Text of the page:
FDIC change that leaves wealthy bank depositors with less protection

Wealthy Americans may want to double-check how much of their bank deposits are protected by government-backed insurance.

New rules implemented last month limited what the FDIC would insure in a $1.25 million trust account.

Previously, there was no limit to trust accounts, which are legal arrangements that ensure an individual’s assets are distributed to specific beneficiaries.

The FDIC said the new rule will make it easier for consumers and bankers to understand deposit insurance rules. It is also designed to help FDIC agents identify insured accounts more quickly after a bank failure.

Read more: What is the FDIC and how does it work?

For tens of thousands of bank customers, the change could reduce the amount of insurance in those accounts if their financial institution fails. Those affected may need to restructure their deposits or open new accounts in another bank to ensure the protection of their money.

“It’s a pretty mysterious change…and the loss of some insured deposits is something I’m not sure the FDIC has highlighted enough,” said Ken Tomin, founder of LendingTree-owned DepositAccounts.com.

“There may be a lot of depositors who may not have the insured deposits that they assumed when they originally opened the account.”

FILE - The Federal Deposit Insurance Corporation (FDIC) seal is seen outside its headquarters, on March 14, 2023, in Washington.  Regulators shut down Republic First Bank, a regional bank with operations in Pennsylvania, New Jersey and New York.  The Federal Deposit Insurance Corporation (FDIC) said on Friday, April 26, 2024, that it had seized the Philadelphia-based bank, which had nearly $6 billion in assets and $4 billion in deposits as of January 31.  (AP Photo/Manuel Balce Ceneta, File)

The seal of the Federal Deposit Insurance Corporation (FDIC) is seen outside its headquarters, on March 14, 2023, in Washington. (AP Photo/Manuel Bals Sinita, File) (News agency)

What hasn’t changed is that the FDIC still insures up to $250,000 per depositor and per account class at every bank.

Here’s how it works: Let’s say you have $250,000 in an individual savings account and $50,000 in an individual checking account at Bank A. This means that you, the depositor, have a total of $300,000 in one type of ownership class (individual accounts) at the same bank, so only $250,000 is insured.

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If you move $50,000 to another bank, it will be fully insured. Likewise, if you put $50,000 into a joint account — which is a different ownership class — the entire amount will be insured even if it stays in the same bank.

Trust accounts provided a loophole to secure more than $250,000. Under the old FDIC rules, each fund beneficiary would receive $250,000 in insurance protection. So, for example, if the organization designates 10 beneficiaries, that account would be insured for $2.5 million.

“Before this change, a lot of people didn’t realize that you could theoretically secure an almost infinite amount in a single bank through FDIC rules through a credit account,” Tomin said.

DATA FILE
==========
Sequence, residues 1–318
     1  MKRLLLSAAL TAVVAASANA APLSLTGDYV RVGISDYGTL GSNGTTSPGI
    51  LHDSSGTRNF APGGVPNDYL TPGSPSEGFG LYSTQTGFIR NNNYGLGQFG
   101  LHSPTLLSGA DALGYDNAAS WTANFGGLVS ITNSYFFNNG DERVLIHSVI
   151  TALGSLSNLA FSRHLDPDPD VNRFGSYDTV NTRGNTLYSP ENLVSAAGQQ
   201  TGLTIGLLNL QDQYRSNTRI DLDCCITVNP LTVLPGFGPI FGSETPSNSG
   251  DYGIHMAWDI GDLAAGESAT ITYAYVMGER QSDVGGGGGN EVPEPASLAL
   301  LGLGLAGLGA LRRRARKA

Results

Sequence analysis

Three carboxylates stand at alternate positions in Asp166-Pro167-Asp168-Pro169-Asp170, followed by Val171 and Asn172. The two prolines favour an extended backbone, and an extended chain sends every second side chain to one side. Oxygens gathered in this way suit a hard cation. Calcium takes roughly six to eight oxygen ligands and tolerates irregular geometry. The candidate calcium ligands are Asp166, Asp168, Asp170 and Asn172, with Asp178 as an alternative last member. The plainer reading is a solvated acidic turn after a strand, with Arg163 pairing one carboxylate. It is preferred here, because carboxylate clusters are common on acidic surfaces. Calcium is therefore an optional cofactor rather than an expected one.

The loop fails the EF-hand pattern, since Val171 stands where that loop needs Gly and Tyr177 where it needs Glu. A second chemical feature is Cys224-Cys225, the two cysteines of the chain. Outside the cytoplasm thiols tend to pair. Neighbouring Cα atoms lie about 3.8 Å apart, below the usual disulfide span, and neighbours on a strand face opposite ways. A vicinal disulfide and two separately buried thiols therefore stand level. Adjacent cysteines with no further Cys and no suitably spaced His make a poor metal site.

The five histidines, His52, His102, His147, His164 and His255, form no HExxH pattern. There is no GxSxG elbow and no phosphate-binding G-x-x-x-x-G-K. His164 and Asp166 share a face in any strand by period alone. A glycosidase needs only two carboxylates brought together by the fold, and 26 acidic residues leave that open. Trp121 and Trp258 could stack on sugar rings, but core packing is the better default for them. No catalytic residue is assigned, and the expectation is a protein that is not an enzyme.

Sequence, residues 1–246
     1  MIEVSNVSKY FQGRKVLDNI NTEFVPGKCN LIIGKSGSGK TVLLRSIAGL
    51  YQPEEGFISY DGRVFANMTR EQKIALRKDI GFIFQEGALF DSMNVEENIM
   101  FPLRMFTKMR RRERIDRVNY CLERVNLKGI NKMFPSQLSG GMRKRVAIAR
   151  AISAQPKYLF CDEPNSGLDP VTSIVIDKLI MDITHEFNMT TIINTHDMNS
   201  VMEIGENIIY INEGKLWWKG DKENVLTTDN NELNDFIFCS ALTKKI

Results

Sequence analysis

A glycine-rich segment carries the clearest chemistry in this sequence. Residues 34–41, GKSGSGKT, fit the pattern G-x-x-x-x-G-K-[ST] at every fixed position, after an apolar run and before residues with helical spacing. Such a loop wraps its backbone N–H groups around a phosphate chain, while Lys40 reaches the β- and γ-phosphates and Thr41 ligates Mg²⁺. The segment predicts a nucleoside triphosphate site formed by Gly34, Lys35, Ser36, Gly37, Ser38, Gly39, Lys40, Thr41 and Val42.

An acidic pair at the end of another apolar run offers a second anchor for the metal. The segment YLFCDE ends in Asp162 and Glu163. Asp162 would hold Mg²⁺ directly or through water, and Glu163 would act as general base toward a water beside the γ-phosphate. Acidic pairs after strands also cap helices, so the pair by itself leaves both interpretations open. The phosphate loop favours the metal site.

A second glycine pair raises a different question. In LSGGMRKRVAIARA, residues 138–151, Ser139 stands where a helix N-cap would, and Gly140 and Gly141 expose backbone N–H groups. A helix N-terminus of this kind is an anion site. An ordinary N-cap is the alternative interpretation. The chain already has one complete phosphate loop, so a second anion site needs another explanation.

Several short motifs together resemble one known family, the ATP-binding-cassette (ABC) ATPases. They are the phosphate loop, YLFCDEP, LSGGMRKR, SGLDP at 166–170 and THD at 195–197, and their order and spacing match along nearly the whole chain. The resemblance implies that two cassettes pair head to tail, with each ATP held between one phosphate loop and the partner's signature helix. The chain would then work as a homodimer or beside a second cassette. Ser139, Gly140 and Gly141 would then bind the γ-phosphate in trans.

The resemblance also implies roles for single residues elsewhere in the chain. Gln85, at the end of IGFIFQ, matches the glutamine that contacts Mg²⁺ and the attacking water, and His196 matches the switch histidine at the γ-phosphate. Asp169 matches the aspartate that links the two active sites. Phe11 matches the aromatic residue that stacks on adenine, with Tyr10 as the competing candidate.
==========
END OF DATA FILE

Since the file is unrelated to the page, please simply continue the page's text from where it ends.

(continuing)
This is no longer the case. The new rule limits the number of trust beneficiaries receiving the $250,000 security deposit to five, for a total of at most $1.25 million.

In addition, irrevocable trusts and revocable trusts are now grouped together into one property category – trust accounts – under the new rules. This new category also includes any deposit account whose beneficiaries are named upon the owner’s death, such as a certificate of deposit or CD.

Read more: Are CDs insured by the FDIC, and why does it matter?

So, the trust that was previously insured for $2.5 million for the 10 beneficiaries is now insured for only $1.25 million.

“As of April, you will lose half of that [insurance]Tommen said.

(Image: Getty Creative)(Image: Getty Creative)

(Image: Getty Creative) (Helen King via Getty Images)

when The Federal Deposit Insurance Corporation (FDIC) suggested. These rules in 2022 — a year before there was talk of raising the $250,000 insurance cap during a series of bank failures — estimated that nearly 27,000 credit account depositors and just over 36,000 trust accounts “could be affected.” “directly with this aspect of the final rule.”

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Additionally, consolidating revocable trusts and irrevocable trusts into a single estate class may reduce coverage “in limited circumstances.”

However, the FDIC said a small number of irrevocable trusts could see an increase in insurance coverage under the new rules, while most depositors should not see a change in their coverage overall.

To find out if you’re affected, use the FDIC’s tool — Electronic deposit insurance estimator – To find out how much of your money, if any, exceeds the new coverage limits, on a per-bank basis.

If you find that some of your money is now uninsured, talk to your bank. Financial institutions typically work with customers affected by regulatory changes to ensure their large deposits are protected. You may end up needing to open a different type of account or place the uninsured amount in an account at another bank.

Jana Herron is a senior columnist at Yahoo Finance. Follow her on Twitter @Jana Herron.

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